Good intentions or intentionality: Which describes your board of directors?

By Steve Sauer, senior manager, BKD |

Most historians agree the form and function of today’s board of directors began around the advent of the 20th century. English authorities decided the ultimate authority in a company was vested in the board of directors, and the nature and extent of its authority was to be enumerated in the articles of association (or incorporation).

So after 100 years of practice, these boards have evolved into exceptional governing bodies presiding over their organizations … right? Not exactly.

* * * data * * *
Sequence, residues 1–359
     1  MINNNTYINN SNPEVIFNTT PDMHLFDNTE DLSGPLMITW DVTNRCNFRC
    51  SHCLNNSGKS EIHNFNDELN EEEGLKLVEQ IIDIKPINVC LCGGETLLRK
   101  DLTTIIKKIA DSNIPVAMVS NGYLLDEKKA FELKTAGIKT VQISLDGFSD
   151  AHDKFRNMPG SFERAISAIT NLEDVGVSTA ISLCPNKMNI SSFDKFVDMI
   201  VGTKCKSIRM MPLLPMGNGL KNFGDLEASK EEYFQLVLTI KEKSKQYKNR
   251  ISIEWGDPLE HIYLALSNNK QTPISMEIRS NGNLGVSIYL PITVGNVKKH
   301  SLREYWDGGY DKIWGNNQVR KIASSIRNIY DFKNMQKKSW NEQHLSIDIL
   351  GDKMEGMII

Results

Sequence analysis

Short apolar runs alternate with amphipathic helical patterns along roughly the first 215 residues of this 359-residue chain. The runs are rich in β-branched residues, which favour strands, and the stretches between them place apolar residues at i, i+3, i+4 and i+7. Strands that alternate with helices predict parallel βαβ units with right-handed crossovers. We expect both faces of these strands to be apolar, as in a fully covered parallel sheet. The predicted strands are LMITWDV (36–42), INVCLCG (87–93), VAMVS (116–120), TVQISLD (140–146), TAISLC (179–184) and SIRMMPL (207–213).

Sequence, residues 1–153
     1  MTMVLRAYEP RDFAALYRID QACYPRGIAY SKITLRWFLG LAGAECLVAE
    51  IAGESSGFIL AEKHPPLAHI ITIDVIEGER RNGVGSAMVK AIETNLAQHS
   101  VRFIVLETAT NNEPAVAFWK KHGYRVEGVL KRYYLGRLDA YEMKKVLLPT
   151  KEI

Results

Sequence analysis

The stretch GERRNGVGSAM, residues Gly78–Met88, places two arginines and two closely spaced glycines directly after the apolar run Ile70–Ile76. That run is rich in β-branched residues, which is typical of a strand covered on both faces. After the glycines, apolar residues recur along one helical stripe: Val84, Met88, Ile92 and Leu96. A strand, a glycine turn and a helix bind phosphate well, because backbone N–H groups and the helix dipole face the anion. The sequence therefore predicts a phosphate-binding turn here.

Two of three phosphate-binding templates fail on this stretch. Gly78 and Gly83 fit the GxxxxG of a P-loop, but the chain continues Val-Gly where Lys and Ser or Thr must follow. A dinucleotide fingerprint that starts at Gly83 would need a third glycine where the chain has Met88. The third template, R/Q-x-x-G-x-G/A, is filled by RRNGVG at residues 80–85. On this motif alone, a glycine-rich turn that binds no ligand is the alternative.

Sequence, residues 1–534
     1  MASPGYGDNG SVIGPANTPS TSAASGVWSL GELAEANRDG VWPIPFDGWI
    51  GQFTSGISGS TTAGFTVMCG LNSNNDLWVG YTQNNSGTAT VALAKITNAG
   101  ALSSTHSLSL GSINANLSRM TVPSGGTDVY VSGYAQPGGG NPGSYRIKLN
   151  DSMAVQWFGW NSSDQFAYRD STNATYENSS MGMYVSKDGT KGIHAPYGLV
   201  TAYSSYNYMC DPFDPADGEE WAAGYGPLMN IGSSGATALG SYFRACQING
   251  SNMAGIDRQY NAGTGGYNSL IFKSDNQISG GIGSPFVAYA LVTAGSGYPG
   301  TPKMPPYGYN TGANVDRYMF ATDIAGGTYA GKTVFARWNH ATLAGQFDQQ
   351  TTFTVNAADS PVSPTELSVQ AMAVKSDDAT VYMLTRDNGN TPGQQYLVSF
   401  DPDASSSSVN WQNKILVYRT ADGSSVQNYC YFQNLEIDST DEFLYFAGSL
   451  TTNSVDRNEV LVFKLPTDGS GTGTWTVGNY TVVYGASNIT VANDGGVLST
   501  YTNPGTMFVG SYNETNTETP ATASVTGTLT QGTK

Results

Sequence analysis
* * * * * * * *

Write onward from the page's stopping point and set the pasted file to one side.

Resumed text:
According to a January 2015 study conducted by BoardSource, boards of not-for-profit organizations are not as close as they think to achieve the pinnacle of effective governance. On the contrary, the study reveals that, on average, not-for-profit leaders give boards a B- in overall performance. It would appear, then, that in our age of constant political, economic, regulatory and demographic changes, significant improvements are necessary — even vital to the health of the not-for-profit sector as a whole.

BoardSource, a 501(c)(3) organization dedicated to advancing the public good by building exceptional not-for-profit boards and inspiring board service, supports, trains and educates more than 100,000 not-for-profit board leaders from across the country each year.

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